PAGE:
I hope all her little commissions will all be brought home to your satisfaction. When she returns, we purpose seeing her to Epping on her journey. We have had our proportion of fine weather and some pleasant walks, and she is stronger, her appetite good, but less wolfish than at first, which we hold a good sign. I hope Mr. Wing will approve of its abatement. She desires her very kindest respects to Mr. Williams and yourself, and wishes to rejoin you. My sister and myself join in respect, and pray tell Mr. Donne, with our compliments, that we shall be disappointed, if we do not see him. This letter being very neatly written, I am very unwilling that Emma should club any of her disproportionate scrawl to deface it.
Your obliged servant,
[Addressed to “Mrs. Williams, W.B. Donne, Esq., Matteshall, East Dereham, Norfolk.”
Mr. Wing was probably Miss Isola’s doctor. Mr. Donne was William Bodham Donne (1807-1882), the friend of Edward FitzGerald, and Examiner of Plays.
This was Lamb’s acrostic-epitaph on Mrs. Williams:—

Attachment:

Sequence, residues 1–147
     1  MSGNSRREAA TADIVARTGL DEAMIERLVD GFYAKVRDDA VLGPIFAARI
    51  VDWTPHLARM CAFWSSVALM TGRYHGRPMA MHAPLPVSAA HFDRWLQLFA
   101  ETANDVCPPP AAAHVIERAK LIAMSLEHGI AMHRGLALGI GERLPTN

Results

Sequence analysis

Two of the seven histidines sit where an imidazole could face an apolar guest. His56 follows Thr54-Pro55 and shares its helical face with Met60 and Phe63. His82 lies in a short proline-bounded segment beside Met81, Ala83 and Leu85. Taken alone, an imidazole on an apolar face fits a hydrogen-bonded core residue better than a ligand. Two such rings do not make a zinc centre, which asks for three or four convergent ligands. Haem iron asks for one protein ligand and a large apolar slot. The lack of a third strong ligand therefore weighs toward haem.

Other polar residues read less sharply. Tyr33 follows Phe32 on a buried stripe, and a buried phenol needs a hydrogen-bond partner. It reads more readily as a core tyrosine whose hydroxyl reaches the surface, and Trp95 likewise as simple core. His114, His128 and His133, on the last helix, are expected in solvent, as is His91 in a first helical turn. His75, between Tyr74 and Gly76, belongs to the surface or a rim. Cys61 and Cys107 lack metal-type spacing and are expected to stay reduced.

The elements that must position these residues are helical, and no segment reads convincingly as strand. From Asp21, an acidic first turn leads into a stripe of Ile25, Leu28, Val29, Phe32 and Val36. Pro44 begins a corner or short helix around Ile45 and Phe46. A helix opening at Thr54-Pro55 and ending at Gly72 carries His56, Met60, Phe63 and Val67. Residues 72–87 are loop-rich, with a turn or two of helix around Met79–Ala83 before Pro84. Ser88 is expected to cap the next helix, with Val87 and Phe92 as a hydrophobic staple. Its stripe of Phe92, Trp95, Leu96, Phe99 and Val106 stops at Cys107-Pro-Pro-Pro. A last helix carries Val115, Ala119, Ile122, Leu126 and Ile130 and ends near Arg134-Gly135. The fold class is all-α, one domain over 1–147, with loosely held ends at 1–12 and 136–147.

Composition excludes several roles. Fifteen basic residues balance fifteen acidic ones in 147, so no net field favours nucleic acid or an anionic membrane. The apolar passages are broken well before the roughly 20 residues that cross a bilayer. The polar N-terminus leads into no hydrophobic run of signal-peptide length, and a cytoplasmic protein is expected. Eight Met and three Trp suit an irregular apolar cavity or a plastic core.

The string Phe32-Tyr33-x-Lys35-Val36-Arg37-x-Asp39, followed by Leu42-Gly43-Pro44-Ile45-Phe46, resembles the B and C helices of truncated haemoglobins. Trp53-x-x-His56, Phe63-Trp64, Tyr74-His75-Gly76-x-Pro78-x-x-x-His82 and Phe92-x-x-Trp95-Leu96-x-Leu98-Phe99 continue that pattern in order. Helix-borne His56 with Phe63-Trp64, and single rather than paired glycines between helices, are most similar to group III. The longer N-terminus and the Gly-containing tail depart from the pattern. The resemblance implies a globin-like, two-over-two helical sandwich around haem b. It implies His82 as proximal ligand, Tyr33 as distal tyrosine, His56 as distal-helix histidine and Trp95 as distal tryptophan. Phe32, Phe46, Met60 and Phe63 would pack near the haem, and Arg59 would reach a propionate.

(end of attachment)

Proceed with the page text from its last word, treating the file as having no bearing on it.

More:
Joanna here doth lie:
Reader, wonder not that I
Ante-date her hour of rest.
Can I thwart her wish exprest,
Ev’n unseemly though the laugh
with an Epitaph?
On her bones the turf lie lightly,
And her rise again be brightly!
No dark stain be found upon her—
No, there will not, on mine honour—
Answer that at least I can.
that I, thrice happy man,
In as spotless garb might rise,
Light as she will climb the skies,
Leaving the dull earth behind,
In a car more swift than wind.
All her errors, all her failings,
(Many they were not) and ailings,
Sleep secure from Envy’s railings.
Here should come an undated note from Lamb to Basil Montagu, in which Lamb asks for help for Hone in his Coffee-House. “If you can help a worthy man you will have two worthy men obliged to you.” Hone, having fallen upon bad times, Lamb helped in the scheme to establish him in the Grasshopper Coffee-House, at 13 Gracechurch Street (see next letter).]
CHARLES LAMB TO ROBERT SOUTHEY
May 10, 1830.
Dear Southey,—My friend Hone, whom you would like for a friend, I found deeply impressed with your generous notice of him in your beautiful “Life of Bunyan,” which I am just now full of. He has written to you for leave to publish a certain good-natured letter. I write not this to enforce his request, for we are fully aware that the refusal of such publication would be quite consistent